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About the District

The U.S. Department Of Justice

The United States Department of Justice, or “DOJ,” is the executive department responsible for enforcing U.S. law and administering justice.  The U.S. Attorney General  serves as the head of the Department, which is headquartered in Washington D.C.  DOJ’s mission is to enforce the law and defend the interests of the United States according to the law; to ensure public safety against threats foreign and domestic; to provide federal leadership in preventing and controlling crime; to seek just punishment for those guilty of unlawful behavior; and to ensure fair and impartial administration of justice for all Americans.

U.S. Attorney’s Office, District of Delaware

The United States is divided into 94 federal judicial districts.  Within each district, a United States Attorney serves as the chief federal law enforcement officer.   Delaware has one federal judicial district with its office located in Wilmington.  U.S. Attorneys and their Assistant U.S. Attorneys conduct most of the trial work in which the United States is a party.  U.S. Attorneys are appointed by the President with the advice and consent of the U.S. Senate, and they serve under the direction of the U.S. Attorney General and DOJ in Washington D.C.  Each U.S. Attorney exercises wide discretion in the use of his or her resources to further the priorities of the local jurisdictions and needs of their communities.

The United States Code delegates three statutory responsibilities to U.S. Attorneys under Title 28, Section 547:

• The prosecution of criminal cases brought by the Federal government;
• The prosecution and defense of civil cases in which the United States is a party; and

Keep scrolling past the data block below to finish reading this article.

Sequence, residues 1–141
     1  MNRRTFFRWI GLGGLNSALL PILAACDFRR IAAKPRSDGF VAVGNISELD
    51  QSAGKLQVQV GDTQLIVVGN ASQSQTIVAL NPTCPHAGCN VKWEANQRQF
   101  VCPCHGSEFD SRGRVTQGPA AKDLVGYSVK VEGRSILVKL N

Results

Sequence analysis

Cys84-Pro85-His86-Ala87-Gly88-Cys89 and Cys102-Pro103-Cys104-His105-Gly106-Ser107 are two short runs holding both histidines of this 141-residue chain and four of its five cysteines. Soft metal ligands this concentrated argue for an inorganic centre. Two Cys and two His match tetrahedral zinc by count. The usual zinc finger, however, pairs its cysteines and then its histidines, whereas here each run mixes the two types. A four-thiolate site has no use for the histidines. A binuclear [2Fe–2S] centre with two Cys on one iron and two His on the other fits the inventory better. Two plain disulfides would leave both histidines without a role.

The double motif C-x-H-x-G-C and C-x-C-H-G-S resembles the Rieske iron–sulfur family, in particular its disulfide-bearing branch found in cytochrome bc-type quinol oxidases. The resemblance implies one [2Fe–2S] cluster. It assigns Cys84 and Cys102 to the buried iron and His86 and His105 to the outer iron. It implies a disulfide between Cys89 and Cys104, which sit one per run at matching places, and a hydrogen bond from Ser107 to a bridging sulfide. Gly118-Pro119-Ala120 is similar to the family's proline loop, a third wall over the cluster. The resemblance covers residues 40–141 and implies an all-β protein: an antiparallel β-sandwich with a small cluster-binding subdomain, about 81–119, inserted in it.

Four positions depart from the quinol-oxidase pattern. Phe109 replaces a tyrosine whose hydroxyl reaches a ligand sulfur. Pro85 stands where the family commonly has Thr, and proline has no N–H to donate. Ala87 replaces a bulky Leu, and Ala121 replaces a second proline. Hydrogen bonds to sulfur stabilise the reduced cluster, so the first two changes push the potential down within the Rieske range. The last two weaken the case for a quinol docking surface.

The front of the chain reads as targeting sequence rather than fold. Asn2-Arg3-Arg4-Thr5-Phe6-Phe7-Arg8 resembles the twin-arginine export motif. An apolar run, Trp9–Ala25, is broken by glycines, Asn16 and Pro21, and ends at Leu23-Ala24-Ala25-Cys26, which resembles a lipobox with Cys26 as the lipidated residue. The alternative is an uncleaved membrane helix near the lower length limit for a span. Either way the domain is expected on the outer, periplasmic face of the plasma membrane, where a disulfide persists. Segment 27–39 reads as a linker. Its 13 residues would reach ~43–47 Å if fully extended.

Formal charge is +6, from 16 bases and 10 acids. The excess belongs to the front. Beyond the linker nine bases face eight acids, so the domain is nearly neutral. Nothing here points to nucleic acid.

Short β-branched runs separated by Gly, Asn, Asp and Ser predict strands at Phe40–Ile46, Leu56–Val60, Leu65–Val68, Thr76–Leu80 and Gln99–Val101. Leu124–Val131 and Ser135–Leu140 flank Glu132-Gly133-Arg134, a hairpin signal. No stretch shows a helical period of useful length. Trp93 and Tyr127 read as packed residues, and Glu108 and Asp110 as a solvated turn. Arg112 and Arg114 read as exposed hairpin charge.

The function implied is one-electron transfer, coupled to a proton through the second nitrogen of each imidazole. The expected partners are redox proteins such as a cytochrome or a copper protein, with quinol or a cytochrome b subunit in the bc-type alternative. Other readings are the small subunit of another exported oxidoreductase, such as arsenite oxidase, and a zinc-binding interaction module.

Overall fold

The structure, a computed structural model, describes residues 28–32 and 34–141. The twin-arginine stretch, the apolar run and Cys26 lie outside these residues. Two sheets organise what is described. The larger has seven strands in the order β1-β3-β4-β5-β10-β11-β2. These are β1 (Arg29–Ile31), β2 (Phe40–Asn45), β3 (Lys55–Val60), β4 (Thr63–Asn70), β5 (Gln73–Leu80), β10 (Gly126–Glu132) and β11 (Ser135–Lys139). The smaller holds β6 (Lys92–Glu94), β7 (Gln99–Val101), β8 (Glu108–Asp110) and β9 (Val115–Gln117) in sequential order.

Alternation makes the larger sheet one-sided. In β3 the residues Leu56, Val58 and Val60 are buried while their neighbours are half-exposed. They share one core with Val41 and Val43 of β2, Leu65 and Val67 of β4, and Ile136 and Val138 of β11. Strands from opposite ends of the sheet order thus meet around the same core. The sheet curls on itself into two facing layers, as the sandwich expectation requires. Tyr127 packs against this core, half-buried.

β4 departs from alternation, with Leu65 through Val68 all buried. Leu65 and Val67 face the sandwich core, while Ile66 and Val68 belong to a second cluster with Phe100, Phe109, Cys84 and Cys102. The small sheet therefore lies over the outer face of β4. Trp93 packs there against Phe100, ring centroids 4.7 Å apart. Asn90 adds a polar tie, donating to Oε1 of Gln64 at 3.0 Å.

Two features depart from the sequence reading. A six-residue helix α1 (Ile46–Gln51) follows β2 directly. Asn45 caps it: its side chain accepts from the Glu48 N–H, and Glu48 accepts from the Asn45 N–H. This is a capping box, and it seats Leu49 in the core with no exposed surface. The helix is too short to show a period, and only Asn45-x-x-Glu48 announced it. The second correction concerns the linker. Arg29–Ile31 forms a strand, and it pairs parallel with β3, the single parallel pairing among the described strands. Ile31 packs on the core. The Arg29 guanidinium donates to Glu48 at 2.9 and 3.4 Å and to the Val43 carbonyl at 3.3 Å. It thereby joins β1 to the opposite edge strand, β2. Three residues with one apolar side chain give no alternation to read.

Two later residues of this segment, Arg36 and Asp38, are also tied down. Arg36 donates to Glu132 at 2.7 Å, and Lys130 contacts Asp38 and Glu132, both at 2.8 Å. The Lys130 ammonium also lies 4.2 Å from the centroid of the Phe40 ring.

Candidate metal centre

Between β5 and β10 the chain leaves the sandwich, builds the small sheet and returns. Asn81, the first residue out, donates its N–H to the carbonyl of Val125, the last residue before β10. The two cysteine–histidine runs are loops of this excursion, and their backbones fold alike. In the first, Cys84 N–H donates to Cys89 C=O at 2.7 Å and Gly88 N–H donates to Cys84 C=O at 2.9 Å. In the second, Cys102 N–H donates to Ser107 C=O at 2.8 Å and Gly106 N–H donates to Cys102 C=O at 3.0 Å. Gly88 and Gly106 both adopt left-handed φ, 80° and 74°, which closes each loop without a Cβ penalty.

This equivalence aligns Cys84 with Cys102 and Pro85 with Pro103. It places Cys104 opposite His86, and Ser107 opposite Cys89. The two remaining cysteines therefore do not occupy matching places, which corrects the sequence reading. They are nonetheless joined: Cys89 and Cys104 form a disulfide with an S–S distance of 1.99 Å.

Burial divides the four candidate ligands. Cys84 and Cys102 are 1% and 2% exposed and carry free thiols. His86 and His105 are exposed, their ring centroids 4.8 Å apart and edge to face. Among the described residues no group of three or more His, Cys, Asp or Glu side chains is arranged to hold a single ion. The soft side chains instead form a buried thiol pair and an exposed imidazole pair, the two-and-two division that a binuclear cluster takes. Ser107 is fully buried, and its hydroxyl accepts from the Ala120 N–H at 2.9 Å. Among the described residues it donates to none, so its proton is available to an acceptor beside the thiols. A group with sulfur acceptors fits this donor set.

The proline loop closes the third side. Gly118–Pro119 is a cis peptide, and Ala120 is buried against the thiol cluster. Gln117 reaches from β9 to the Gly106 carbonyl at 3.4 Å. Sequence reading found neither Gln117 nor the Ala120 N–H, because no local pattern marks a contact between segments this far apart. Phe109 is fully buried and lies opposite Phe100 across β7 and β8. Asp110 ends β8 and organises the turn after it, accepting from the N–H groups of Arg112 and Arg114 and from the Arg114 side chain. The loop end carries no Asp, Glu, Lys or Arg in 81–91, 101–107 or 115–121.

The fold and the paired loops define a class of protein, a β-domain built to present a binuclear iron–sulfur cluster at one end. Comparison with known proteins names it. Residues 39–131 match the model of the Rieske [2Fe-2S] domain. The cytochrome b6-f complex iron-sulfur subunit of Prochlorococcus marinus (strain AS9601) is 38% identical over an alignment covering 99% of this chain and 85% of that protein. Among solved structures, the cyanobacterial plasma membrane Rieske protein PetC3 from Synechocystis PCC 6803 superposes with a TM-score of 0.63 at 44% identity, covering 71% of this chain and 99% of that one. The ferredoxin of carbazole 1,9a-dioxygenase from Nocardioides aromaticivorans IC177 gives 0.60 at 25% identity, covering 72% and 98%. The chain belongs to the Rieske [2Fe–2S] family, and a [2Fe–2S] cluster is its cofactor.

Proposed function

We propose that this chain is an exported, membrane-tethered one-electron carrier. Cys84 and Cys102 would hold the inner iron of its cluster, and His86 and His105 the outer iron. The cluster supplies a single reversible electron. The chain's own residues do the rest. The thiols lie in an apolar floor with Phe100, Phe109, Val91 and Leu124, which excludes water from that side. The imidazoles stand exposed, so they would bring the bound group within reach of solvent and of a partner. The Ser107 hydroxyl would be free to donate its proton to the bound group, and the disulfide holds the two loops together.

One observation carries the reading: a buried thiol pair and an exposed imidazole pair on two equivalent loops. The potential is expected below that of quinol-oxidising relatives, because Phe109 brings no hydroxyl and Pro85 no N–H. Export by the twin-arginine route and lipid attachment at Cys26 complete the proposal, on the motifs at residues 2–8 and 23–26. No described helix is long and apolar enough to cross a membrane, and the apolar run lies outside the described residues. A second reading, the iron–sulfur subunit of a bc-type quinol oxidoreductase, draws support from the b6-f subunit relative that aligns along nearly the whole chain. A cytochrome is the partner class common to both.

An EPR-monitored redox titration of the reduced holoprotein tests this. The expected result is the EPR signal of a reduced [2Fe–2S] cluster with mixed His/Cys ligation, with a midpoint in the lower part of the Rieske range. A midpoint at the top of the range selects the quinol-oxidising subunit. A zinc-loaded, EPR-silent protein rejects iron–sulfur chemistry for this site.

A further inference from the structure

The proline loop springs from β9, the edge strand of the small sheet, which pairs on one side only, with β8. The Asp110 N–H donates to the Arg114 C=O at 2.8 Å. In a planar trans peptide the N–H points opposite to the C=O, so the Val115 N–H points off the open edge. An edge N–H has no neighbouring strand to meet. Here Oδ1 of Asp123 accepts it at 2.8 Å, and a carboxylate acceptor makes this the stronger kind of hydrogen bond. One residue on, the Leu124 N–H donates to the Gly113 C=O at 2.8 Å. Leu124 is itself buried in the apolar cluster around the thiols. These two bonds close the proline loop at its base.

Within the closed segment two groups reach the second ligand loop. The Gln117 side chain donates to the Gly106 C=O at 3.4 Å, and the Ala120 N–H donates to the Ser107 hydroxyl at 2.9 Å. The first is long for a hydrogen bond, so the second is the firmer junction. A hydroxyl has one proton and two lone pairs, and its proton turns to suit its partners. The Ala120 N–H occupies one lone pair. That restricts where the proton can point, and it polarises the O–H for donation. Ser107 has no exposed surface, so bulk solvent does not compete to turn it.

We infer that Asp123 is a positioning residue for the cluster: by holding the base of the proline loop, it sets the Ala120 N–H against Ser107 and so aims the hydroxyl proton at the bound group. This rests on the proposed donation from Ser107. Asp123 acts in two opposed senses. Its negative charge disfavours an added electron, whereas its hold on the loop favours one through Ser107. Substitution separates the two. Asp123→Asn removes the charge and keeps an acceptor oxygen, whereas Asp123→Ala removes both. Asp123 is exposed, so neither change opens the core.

• The collection of debts owed the Federal government which are administratively uncollectible.

The U.S. Attorney's Office for the District of Delaware prosecutes violations of federal crimes occurring in our district.  Although criminal prosecutions are our most visible function, much of our caseload is handled by our civil division.

Some examples of federal criminal cases include terrorism, human trafficking, major drug trafficking operations, internet child pornography, interstate kidnappings, financial fraud, tax fraud, health care fraud, counterfeiting, civil rights, immigration crimes, organized crime and public corruption.

Our civil division provides legal representation to the federal government, its agencies and employees in civil court actions.  Civil matters range from defending the federal government against a claim by an individual, a group of individuals, a corporation or even an entire state.  In addition, our monetary penalties unit serves as a collection agent for judgments taken on debts to the federal government, including delinquent loans and unpaid fines.

As the lead federal law enforcement agency in Delaware, we work cooperatively with law enforcement agencies at all levels: municipal police departments, the state attorney general's office, federal law enforcement agencies, and on occasion, foreign law enforcement agencies and international police.  Some of our common partners in criminal prosecutions are the Federal Bureau of Investigation, the Bureau of Alcohol, Tobacco, Firearms and Explosives; the Drug Enforcement Administration; the U.S. Immigration and Customs Enforcement (ICE) Office of Homeland Security Investigations (HSI); U.S. Secret Service; Internal Revenue Service - Criminal Investigation Division; the U.S. Postal Inspection Service; the U.S. Marshals Service; and the Social Security Administration.

The mission of the U.S. Attorney’s Office for the District of Delaware is:

To protect and serve the citizens of Delaware through the ethical, vigorous, and impartial enforcement of the laws of the United States, and, in doing so, to defend the national security, improve the safety and quality of life in our communities, protect the public funds and financial assets of the United States, maintain a courteous and professional working environment, and, with skill and integrity, seek to do justice in every case.

Updated July 15, 2015